On that report’s recommendation, the matter was referred to the Victorian parliament’s Privileges Committee. It’s approaching 11 months since that recommendation and there’s still no finding from the committee, which now has its third chair after its first, Denis Napthine, became premier in March and its second, Andrew McIntosh, resigned his position in April after admitting to “unacceptable” conduct.

Suppose the Ombudsman’s office received a similar complaint today. Before investigating, it would have to first consider whether the matter “appears to involve corrupt conduct” and, if so, refer it to the IBAC. IBAC would then need to consider whether or not the case meets its high evidentiary threshold. If not, IBAC would refer the matter back to the Ombudsman.

So what’s the difference if the Ombudsman ultimately still gets to investigate the complaint? Such investigations often hinge on the extent to which events are still fresh in the minds of parties involved. Delays frustrate the chances of a proper and full investigation, making it less likely a report would compel further action.

Matters that can’t be reported, and the big fish that can get away

The idea of having the Ombudsman investigate matters referred to it by IBAC may be fine in principle, but in practice new restrictions on the Ombudsman’s powers introduced by the proscriptive amendments in late 2012 may create additional problems and frustrate investigation. For example, the Ombudsman is now prohibited from reporting on Cabinet information: this could include cabinet documents and even notes to ministers from advisers.

Similarly, in a parliamentary report released last in May on an investigation into alleged improper conduct by a registrar of the Magistrates' Court, the Ombudsman notes that such an investigation would be unlikely to be able to be reported (by any of Victoria’s integrity bodies) had the allegations been made under the current legislation. The ability to publicly report on such findings is fundamental to a transparent and effective integrity system.

Victoria Police has had to deal with corruption its ranks in the past. AAP/Julian Smith

But forget about Magistrates' Court registrars and MPs with government cars. Victoria’s watchdogs would be able to tackle really big cases of corruption, wouldn’t they? If an investigation like recently concluded ICAC inquiry into the Obeid saga in NSW were required south of the border, for example? Not according to Stephen Charles, QC, who chaired the Victorian government’s advisory panel on IBAC. He feels the evidentiary requirements and related problems are such that it is unlikely that IBAC would be able to investigate even an allegation as serious as this.

Possible patches, but bigger problems

Small changes could help fill the gap between the kinds of cases each body can investigate, and reduce the prospect of the kinds of jurisdictional challenges that experts are concerned about.

For example, change the wording of the Independent Broad-based Anti-Corruption Commission Act (2011) to state that the body must not commence (rather than conduct) investigation unless reasonably satisfied that serious corruption took place.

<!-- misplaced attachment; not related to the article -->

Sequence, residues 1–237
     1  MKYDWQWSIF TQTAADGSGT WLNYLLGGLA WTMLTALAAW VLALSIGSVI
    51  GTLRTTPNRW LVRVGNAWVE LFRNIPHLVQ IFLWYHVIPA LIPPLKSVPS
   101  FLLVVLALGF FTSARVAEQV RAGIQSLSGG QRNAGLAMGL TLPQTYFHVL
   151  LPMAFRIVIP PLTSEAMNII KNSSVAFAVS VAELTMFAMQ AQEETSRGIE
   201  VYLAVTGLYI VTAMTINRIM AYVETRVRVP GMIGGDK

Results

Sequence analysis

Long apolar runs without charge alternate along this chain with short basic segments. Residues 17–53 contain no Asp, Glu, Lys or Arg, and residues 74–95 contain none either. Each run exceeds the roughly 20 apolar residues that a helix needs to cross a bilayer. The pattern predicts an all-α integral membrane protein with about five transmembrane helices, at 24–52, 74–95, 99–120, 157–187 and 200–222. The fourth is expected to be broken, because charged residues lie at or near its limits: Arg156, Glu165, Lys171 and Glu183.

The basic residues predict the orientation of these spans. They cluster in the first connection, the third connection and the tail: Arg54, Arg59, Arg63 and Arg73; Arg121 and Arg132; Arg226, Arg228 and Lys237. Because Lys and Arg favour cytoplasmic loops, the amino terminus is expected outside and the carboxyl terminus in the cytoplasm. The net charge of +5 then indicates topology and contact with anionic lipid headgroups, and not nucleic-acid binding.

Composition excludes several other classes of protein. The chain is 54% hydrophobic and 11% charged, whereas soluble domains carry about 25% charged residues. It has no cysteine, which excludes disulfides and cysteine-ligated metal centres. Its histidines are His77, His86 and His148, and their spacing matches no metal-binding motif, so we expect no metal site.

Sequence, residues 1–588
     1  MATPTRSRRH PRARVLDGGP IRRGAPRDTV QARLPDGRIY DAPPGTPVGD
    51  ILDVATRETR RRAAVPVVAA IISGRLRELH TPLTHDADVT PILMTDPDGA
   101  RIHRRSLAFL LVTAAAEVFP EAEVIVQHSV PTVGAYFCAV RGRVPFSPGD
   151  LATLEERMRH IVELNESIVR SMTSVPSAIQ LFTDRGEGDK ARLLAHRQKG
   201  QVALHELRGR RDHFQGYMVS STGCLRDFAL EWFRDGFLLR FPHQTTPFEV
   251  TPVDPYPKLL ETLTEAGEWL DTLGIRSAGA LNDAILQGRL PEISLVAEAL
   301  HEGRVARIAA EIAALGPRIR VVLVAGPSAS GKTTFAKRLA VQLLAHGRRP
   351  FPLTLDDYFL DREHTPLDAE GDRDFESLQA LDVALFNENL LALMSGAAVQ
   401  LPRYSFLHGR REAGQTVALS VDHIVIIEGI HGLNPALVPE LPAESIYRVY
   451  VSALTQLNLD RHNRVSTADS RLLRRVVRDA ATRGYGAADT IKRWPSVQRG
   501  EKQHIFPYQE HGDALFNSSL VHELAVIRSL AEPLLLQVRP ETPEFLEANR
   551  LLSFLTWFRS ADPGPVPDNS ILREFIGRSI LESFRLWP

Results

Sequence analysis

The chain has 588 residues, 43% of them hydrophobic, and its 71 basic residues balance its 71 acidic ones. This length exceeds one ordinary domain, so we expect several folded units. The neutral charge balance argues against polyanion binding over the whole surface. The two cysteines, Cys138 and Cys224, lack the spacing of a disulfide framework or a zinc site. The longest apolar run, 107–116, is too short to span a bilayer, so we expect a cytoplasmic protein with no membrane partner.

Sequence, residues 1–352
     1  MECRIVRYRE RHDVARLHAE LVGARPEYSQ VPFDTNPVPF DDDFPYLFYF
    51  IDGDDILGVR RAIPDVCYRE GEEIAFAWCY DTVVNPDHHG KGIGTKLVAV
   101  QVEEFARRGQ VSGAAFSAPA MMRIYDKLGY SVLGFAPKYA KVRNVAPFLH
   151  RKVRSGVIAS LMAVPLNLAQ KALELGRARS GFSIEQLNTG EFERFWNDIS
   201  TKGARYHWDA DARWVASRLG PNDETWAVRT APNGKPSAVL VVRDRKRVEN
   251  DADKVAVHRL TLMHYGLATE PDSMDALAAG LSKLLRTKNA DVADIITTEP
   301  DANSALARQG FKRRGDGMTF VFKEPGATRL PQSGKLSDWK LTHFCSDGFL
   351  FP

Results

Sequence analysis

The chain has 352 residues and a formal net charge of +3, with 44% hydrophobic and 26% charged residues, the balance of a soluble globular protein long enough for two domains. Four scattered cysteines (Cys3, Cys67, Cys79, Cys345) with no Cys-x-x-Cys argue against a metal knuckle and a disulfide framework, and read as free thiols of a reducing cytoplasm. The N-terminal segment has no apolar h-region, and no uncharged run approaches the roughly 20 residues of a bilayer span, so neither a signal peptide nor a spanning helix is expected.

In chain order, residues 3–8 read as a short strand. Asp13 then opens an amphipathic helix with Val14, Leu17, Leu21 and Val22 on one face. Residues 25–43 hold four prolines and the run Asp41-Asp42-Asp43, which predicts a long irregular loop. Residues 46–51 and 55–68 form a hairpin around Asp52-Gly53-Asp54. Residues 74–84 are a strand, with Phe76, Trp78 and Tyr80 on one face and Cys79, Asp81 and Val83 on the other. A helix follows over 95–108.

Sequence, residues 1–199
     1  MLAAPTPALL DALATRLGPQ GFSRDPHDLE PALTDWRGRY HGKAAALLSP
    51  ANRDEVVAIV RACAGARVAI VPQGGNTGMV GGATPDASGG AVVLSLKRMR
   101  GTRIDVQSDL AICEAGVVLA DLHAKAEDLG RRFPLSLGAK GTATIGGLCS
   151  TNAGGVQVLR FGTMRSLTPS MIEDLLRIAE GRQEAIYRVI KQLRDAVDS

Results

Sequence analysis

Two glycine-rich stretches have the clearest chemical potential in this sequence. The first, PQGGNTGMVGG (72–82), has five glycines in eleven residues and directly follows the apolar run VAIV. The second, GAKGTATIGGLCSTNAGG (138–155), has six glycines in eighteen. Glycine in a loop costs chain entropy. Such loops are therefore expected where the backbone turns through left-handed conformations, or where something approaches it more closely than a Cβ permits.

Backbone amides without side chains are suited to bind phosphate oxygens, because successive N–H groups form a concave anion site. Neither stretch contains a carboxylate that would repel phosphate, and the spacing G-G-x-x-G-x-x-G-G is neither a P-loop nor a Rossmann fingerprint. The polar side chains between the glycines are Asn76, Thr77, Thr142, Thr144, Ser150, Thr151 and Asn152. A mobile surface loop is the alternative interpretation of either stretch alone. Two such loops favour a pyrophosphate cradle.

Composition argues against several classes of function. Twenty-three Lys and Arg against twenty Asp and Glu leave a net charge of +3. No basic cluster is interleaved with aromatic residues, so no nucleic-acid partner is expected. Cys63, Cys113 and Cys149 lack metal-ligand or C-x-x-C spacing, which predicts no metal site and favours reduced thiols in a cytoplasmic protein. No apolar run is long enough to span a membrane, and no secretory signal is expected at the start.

In addition, allow the Ombudsman to commence investigations or respond to any and all complaints except when the matter involves serious corruption (rather than prohibiting them from investigating unless they are sure it doesn’t involve serious corruption), with the requirement that if, in the conduct of an investigation, the Ombudsman becomes reasonably satisfied that serious corruption took place, they must then notify IBAC.

This would help avoid delays, allowing the Ombudsman to start investigating in response to complaints while notifying IBAC if and when appropriate, and having IBAC take over if and when it decides that it should do so. This would allow prompt and appropriate commencement of investigation, but would still ensure that matters were ultimately referred to the desired bodies (though it still wouldn’t address the absence of a definition of “serious” corruption, or the challenges in even trying to establish such a definition).

Even if changes like this were made, however, one of the remaining unanswered questions in the Ombudsman’s 2012 report is about a broader problem. That report warned that the restrictions on the independence of the Ombudsman’s office may render sections of the Victoria’s integrity unit unconstitutional (given that the office’s independence is constitutionally enshrined) - a concern which has not since been addressed and which is restated in yesterday’s annual report.

If the constitutionality of sections of this legislation can be challenged, that threatens to compromise the very system it has established.

Join the conversation

11 Comments sorted by

  1. Michael Shand

    Software Tester

    Brilliant Article, the corruption is rife in victoria, these people do not represent us, they have no interest in representing us, they represent their donors, big business and groups like APPEA

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    1. Earl Downing

      Age Pensioner

      In reply to Michael Shand

      For 22 years I have been writing to Politicians, Workcover, Lawyers, Newspapers and Police about the conditions at a Melbourne paper mill where anything goes as far as treatment of it's employees and contractors, even attempted rape that was quietly hushed up with a well placed bribe to police, threats of the sack, verbal abuse of the foulest kind, sweat shop slave labour and bribery of public officials were the order of the day. My accusations that Dick Pratt bribed my barrister at a Workcover…

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    2. Michael Shand

      Software Tester

      In reply to Earl Downing

      That's a horrific storey Earl but credit to you for not just letting it slide.